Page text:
05-Feb-2020

This blog raises awareness about the use of consumer-grade comms applications within a business. It illustrates how unregulated use of ‘shadow IT’ can be detrimental.

What’s the one thing that most of us have in common (I promise it’s not a trick question)? We’re all human? We’d all love to live in a utopian society where everyone is treated equally? We all need to be more conscious of the protection of our online data? Well, despite all these examples probably being true, the main similarity that we’re going to be focusing on in this article is our widespread use of mainstream communication applications within the professional context. Despite there being a plethora of purpose-built alternatives readily available on the market, we will investigate why some of us are resorting to using consumer-grade applications as the predominant means of communication with our colleagues. We will also try and identify the potential security vulnerabilities these ‘shadow IT’ tendencies expose businesses to, before detailing what benefits adopting more secure, purpose-built enterprise-grade unified communication and collaboration (UC&C) platforms can yield a business.

Similar to when AOLs Instant Messenger rose in popularity, many of today’s consumer-grade applications like WhatsApp, Facebook, and WeChat have started to make the transition from personal use, to professional use. According to a 2018 CCS Insight’s report, ‘WhatsApp now ranks as the most widely used mobile app in business’, and is even considered as the foremost mobile application (outside China) in terms of total time spent in the app. However, what’s concerning is that the use of these applications often goes unsanctioned by central management, resulting in nightmares for IT when they finally become aware of their widespread use. With no real administrative or auditing means, IT managers are growing increasingly more conscious of employee ‘shadow IT’ (technologies and applications that are used by employees without the knowledge of the enterprise’s IT department) tendencies and are starting to clamp down on their usage. However, why do we many of our colleagues continue to use these unauthorized applications?

Worried woman on mobile phone for blog post

Partly attributed to the fact that they are mostly free and most of us already have one installed on our devices, a perhaps less obvious reason is that the use of these familiar applications ‘breaks down the traditional hierarchies’ imposed by more dated corporate communication channels. In the context of healthcare, it has been argued that these more familiar means of communication are widely regarded as being key to remedying the often fragment communication flow between junior and senior doctors. However, with the growing emphasis on data protection and the recent introduction of the European Union’s General Data Protection Regulation (GDPR), it is important to stress that businesses be cautious of the use of shadow IT as this can pose a serious threat to the security of not only its own data and that of its employees, but also the data of its customers and partners. So, what’s the alternative? Enterprise unified communication & collaboration (UC&C) applications with consumer-grade user experience (UX).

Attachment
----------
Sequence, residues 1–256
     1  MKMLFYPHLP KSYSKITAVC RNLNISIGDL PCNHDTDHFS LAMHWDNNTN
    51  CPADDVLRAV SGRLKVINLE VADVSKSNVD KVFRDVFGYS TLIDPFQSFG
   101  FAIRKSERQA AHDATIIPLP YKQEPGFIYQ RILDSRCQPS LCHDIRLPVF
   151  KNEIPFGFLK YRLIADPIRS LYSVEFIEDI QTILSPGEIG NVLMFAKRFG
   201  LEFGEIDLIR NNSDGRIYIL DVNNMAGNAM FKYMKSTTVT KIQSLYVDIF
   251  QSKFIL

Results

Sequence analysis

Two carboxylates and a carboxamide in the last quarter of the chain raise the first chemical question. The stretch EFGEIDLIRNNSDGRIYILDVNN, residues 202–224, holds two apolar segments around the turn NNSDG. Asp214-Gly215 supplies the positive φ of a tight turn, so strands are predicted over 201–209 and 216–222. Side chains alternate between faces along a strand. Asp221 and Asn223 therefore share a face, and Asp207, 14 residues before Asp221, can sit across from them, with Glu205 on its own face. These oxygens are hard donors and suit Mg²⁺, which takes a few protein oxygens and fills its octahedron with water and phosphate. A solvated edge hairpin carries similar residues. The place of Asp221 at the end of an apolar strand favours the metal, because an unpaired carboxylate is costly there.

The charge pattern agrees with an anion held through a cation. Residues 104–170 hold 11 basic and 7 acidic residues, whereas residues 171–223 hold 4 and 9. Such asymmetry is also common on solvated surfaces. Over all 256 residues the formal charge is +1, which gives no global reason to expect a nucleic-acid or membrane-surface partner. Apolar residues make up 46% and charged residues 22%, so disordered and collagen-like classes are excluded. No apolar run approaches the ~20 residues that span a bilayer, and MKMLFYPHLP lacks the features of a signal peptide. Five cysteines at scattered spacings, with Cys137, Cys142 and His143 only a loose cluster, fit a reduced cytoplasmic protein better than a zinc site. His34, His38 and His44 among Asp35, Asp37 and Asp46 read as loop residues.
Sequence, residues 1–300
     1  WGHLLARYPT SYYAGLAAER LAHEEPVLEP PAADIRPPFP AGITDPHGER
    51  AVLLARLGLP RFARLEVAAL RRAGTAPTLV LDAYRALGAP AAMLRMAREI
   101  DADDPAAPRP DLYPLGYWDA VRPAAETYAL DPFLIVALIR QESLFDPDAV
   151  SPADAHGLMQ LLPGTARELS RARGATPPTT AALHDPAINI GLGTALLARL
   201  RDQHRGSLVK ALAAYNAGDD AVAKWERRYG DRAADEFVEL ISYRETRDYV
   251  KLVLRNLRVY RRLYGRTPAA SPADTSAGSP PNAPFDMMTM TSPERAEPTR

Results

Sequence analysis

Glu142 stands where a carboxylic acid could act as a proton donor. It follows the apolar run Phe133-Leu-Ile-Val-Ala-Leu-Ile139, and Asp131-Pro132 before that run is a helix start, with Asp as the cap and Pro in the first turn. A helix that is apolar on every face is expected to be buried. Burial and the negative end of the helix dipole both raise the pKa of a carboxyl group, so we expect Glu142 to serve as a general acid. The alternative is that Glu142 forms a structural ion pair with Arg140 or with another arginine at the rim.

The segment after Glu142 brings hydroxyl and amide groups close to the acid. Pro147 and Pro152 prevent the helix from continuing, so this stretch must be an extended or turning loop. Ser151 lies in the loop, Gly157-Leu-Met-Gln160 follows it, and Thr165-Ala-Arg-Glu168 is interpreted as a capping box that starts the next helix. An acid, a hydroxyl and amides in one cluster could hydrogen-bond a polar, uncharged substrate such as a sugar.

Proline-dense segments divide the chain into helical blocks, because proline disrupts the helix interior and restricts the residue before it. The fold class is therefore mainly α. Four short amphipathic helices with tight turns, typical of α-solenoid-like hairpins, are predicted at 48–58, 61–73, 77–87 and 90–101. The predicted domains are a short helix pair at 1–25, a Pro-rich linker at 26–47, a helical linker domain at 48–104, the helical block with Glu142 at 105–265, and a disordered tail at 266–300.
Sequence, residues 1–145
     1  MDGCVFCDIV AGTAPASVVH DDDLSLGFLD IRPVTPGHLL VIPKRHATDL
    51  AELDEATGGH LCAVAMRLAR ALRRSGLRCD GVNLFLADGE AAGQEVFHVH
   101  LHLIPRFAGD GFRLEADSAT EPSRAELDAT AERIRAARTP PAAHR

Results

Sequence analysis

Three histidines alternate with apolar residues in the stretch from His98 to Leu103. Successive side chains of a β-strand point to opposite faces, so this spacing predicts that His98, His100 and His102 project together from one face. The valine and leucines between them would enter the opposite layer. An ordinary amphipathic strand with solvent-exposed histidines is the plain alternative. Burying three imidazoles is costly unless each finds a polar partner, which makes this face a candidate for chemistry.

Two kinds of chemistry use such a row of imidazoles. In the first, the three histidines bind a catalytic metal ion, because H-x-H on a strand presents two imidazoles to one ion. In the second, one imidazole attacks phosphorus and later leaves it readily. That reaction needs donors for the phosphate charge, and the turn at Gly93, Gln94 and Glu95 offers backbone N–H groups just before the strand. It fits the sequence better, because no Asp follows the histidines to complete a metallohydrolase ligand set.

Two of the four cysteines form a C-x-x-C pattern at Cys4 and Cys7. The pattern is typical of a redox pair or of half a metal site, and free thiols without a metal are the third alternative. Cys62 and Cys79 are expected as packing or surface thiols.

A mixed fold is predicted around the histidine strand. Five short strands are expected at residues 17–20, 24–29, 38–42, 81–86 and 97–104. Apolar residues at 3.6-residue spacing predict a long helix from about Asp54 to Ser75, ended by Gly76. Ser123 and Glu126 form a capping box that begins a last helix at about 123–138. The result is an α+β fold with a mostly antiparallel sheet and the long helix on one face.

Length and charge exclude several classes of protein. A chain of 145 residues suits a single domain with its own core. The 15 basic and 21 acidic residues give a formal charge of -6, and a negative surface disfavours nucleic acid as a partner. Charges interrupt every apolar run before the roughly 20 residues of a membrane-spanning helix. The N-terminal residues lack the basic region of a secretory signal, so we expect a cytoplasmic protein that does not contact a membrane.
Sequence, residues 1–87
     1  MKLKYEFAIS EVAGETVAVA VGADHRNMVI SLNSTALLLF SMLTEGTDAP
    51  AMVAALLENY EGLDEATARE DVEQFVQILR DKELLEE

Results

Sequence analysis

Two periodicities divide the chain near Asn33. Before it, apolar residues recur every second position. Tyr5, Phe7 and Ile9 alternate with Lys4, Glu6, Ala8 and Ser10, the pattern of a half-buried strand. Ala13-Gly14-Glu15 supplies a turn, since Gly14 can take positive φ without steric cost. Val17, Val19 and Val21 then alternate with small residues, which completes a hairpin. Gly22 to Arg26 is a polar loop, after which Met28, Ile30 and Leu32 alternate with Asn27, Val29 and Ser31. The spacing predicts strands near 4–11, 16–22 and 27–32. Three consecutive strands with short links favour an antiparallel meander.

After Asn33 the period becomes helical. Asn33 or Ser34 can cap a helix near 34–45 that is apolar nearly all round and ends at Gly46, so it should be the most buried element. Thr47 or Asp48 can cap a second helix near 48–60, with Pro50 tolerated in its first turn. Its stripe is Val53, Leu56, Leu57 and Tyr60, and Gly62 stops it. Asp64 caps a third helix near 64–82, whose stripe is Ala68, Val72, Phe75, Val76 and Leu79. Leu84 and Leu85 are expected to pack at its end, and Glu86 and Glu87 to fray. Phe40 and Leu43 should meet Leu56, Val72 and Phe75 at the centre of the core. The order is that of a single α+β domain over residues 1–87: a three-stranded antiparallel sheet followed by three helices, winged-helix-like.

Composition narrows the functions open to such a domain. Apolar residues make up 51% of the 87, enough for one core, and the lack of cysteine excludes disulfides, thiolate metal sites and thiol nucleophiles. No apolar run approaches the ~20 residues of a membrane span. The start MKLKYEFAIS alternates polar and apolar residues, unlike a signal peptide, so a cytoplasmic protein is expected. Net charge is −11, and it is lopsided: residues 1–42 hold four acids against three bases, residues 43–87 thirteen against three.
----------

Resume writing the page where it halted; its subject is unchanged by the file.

UC&C is used to describe enterprise-grade applications that combine standard communication features like; instant messaging, file and screen sharing, audio and video calling, and conferencing, with asynchronous cooperation capabilities.  They provide a more purpose-built, secure, and effective alternative to consumer-grade applications and often include useful business features like analytics (to track effective usage), central management (to move, add, edit users), and auditing (to ensure appropriate usage). With incidents like the recent Facebook and Cambridge Analytica scandal still fresh in our minds, the lack of any form of central management or administrative capability in mainstream consumer applications has led to many businesses either imposing restrictions and bans on their use – through mobile device management (MDM) platforms, or have provided employees with authorised alternatives such as Alcatel-Lucent Enterprise’s Rainbow platform. While these alternatives have similar if not more feature functionalities than their consumer-grade counterparts, platforms like Rainbow also provide central management capabilities with the support and reassurance businesses need to ensure their data is secure. With a centrally managed administrative portal that can be used to manage users, Rainbow is also fully GDPR compliant and ISO27001 certified, demonstrating that it abides by specific international legal, physical, and technical standards.